The Field Spaniels resemble a family for Cocker, Springer, and Sussex Spaniels. Typical shiny coat is either black, some shade of liver or a combination of both. They stand 17 or 18 at the shoulder and should present a picture of well-balanced, moderately proportioned hunting companions. Long, feathered ears reflect a facial expression, which is a serious, gentle intelligence.
Field spaniels are sweet, sensitive souls with enough freedom to make life interesting. They are reliable with children, tolerant of their fellow mammals, and responsible for training. American breed standards call these quiet house dogs “”unusually polite””, but they are nevertheless playful and enjoy a good backyard romp.
Well into the 1800s, many British Spaniards that were used by hunters for flushing gamebirds were not classified by breed, as they are today. Rather, they were organized by size and job description. This changed at the turn of the century, with the arrival of the Dog Show in England. Suddenly, it became important to establish definite types and breeds, and a particular type of spaniel, born of Cocker, named English Springer and Sussex Cross as field spaniels. These early territories were an immediate hit in the show ring, but also capable hunters.
Breed’s success in the ring encouraged breeders to produce a spectacular field spaniel, which takes its long, diminutive shape to the extreme – the “”grexic caricature”” of a spaniel, as one commentator put it. Such short-sighted breeding practices denounced the value of the area as goons and introduced health problems to the breed. The field’s popularity declined as its boom, and the breed soon reached the brink of extinction.
Nevertheless, the permanent properties of the field make it too good to dismiss. Dedicated radicals of the 20th century worked to rehabilitate the field. By the late 1960s, enthusiasts got back to basics and with the re-introduction of Cocker and Springer Blood, the dog was remodeled along its original lines. In the decades since, the rise and fall and re-rise of field spaniels have served as a cautionary tale for dog breeders
The field spaniel is a combination of beauty and utility. It is a moderately sized, well-balanced, substantial hunter-gatherer, designed for a heavy cover and activity and endurance in the water. This is a great car; A proud but polite attitude; The sound is free and moving. Symmetry, trickery, attitude and purpose are more important than any single part.
The gestation period in lasts for 60-64 days The primary period of the reproductive cycle of the female is called Proestrus and goes on for around 9 days. During this time the females begin to draw in males. The subsequent part is the Estrus when the bitch is receptive to the male. It goes on for around 3 to 11 days. The third part is the Diestrus. Usually, it happens around day 14. In this period the bitch’s discharge changes for distinctive red and reaching its end. The vulva gets back to average, and she will no longer allow mating. The fourth part called the Anestrus. The time span between heat periods ordinarily keeps going around a half year. The litter size ranges between 6 to 8 puppies at a time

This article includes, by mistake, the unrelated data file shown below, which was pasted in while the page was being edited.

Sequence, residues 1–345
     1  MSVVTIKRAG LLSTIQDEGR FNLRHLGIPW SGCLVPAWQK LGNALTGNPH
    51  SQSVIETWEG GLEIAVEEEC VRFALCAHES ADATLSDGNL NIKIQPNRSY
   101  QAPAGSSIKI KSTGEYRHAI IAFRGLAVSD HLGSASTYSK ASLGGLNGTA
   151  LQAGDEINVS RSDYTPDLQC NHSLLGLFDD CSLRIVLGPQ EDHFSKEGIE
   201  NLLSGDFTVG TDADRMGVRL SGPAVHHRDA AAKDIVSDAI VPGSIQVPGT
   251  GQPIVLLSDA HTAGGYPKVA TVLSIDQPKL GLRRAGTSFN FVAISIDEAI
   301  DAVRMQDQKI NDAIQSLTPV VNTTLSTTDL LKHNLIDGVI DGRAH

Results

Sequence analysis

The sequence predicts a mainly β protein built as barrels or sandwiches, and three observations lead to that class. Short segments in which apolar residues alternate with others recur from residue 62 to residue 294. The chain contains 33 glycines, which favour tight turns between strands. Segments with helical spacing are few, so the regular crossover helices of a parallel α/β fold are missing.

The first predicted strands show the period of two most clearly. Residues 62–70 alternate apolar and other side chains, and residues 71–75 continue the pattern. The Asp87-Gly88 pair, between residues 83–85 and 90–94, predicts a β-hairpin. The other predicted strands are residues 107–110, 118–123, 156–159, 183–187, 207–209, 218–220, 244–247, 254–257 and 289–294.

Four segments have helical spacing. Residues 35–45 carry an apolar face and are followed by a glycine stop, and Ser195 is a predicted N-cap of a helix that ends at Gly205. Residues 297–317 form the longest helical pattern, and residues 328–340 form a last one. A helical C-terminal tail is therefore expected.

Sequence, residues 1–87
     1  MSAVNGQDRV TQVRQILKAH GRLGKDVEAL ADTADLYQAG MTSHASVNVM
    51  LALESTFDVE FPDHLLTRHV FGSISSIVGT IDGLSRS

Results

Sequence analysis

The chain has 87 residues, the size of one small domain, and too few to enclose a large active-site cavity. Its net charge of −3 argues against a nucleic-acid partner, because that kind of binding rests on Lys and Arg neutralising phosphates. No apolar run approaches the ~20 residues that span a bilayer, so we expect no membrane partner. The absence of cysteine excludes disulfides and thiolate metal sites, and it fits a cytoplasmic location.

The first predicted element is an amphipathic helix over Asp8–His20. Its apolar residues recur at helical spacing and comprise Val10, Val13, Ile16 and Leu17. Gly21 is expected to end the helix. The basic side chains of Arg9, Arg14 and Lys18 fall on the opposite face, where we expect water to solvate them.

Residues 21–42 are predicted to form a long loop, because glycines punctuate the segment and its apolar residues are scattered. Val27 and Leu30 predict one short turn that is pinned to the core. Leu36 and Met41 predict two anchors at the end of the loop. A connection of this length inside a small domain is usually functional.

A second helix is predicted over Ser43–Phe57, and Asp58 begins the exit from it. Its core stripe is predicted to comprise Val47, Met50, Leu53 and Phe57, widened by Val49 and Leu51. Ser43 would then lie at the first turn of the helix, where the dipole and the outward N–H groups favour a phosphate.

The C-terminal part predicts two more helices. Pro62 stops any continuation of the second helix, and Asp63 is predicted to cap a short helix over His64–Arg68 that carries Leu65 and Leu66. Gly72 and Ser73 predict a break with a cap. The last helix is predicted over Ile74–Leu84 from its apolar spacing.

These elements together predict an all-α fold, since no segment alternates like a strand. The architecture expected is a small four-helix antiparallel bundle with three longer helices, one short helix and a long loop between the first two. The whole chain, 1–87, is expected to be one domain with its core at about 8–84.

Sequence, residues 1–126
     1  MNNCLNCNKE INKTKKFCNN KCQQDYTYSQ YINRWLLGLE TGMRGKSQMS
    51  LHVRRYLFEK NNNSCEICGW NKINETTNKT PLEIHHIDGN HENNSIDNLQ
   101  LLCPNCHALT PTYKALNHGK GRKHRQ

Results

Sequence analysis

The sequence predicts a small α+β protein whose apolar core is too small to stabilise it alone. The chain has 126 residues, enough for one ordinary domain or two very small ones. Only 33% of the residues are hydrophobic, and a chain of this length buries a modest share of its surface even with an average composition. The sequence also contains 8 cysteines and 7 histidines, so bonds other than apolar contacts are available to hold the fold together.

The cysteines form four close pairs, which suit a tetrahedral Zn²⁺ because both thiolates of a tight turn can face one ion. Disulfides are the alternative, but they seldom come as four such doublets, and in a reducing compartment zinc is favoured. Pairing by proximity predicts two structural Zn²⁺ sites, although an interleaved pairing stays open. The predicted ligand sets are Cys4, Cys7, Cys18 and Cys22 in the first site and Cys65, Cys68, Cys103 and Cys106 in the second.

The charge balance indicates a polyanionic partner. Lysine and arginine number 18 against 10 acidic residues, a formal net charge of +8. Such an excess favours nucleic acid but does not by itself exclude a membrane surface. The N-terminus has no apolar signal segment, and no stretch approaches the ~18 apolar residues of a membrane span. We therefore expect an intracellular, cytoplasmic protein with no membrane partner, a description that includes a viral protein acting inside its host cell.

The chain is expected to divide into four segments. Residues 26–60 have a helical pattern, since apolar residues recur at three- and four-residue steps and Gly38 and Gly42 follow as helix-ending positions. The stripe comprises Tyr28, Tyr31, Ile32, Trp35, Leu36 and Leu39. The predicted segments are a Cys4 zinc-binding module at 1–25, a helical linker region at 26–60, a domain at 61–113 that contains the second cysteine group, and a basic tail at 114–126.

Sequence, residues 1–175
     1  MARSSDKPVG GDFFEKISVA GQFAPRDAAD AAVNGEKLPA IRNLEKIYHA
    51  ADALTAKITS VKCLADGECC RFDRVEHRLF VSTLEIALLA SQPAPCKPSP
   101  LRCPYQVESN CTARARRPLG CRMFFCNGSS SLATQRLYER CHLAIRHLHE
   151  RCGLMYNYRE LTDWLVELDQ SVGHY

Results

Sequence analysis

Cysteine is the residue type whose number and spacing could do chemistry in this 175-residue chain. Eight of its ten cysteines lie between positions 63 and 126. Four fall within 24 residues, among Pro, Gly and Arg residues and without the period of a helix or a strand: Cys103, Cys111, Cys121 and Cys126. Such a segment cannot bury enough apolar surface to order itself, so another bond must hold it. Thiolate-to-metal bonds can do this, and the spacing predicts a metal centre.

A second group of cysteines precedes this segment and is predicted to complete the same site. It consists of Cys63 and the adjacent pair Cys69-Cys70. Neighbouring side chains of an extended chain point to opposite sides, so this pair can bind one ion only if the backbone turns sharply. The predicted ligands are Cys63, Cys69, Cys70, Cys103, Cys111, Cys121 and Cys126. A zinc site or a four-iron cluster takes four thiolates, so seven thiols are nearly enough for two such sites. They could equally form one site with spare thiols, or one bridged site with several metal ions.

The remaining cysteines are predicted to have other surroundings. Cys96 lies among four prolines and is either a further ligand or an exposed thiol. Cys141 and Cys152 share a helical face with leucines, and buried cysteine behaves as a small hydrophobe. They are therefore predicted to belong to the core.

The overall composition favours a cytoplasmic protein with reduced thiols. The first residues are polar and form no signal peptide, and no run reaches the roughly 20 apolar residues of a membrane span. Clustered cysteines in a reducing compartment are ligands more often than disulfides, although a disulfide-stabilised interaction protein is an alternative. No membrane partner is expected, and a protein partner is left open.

The cute single coat is one of the most attractive features of the breed, but it requires regular care and maintenance. Brushing and combing weekly will keep the coat shiny and help reduce it. Fields may require minimal trimming about the head and legs. The breed is not to be attached to the body as some other spaniels. Their ears should be examined regularly for any signs of infection, and teeth must be brushed frequently, using toothpaste designed for dogs.
The Field Spaniel is an intelligent problem-solver who is trained and can excel in any sport if he is highly motivated. These “thinking dogs” seem best on clear communication and reward, with minimal improvement. They require early socialization and a family sensitive to their needs. Fields loves his people and tends to be serious. Once they understand the expectations, they are solid in training, and excel at the breed in many canine sports and activities. Fields is a wonderful, soft breed that is not for everyone, but owners think their occasional oafish habits such as snoring, lingering alcohol, and frequent shedding coats deserve their companionship.
An active sports breed, Fields possesses an energetic spirit that does best with regular exercise and mental stimulation. They are suitable for many canine sports and activities and enjoy brisk activity, as well as downtime at home with their families. Fields are found in many lifestyles, from the city to the countryside, but challenges are given to both mind and body.
Field Spaniards consider their food and behavior. “Owners often joke that we have Food Spaniels,” says devotees of one breed. Areas in training may be heavily inspired by their drive for food. It is generally agreed that the breed will thrive on a good quality, balanced diet that is bio-accessible from nutrition. Give very little to table scraps, if not at all, especially avoid cooked bones and foods with high fat content. Know which human foods are safe for dogs, and which are not.
A generally healthy breed, field spaniels have seen some issues that affect other breeds as well. Screen for breeders responsible for genetic disease and select for health-clear stocks. Breeders are urged to follow the recommended test and consider orthopedics, thyroid, eyes, heart, and late onset seizures when planning intercourse.
Temperament, structure and health are all very important in creating this breed which is a “”combination of beauty and utility”” in an enthusiastic dog companion.
Recommended health tests from the National Breed Club: